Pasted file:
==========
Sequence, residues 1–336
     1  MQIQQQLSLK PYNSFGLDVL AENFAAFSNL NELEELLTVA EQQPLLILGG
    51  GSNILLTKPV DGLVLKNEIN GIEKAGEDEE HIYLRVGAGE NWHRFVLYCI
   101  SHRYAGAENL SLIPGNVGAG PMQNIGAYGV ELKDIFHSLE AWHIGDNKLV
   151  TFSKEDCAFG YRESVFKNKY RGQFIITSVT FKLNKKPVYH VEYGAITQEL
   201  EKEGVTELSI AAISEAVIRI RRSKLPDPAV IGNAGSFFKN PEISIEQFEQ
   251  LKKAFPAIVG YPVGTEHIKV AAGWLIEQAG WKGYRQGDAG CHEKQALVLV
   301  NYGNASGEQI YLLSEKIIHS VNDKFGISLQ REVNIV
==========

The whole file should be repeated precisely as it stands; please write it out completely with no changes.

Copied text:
Sequence, residues 1–336
     1  MQIQQQLSLK PYNSFGLDVL AENFAAFSNL NELEELLTVA EQQPLLILGG
    51  GSNILLTKPV DGLVLKNEIN GIEKAGEDEE HIYLRVGAGE NWHRFVLYCI
   101  SHRYAGAENL SLIPGNVGAG PMQNIGAYGV ELKDIFHSLE AWHIGDNKLV
   151  TFSKEDCAFG YRESVFKNKY RGQFIITSVT FKLNKKPVYH VEYGAITQEL
   201  EKEGVTELSI AAISEAVIRI RRSKLPDPAV IGNAGSFFKN PEISIEQFEQ
   251  LKKAFPAIVG YPVGTEHIKV AAGWLIEQAG WKGYRQGDAG CHEKQALVLV
   301  NYGNASGEQI YLLSEKIIHS VNDKFGISLQ REVNIV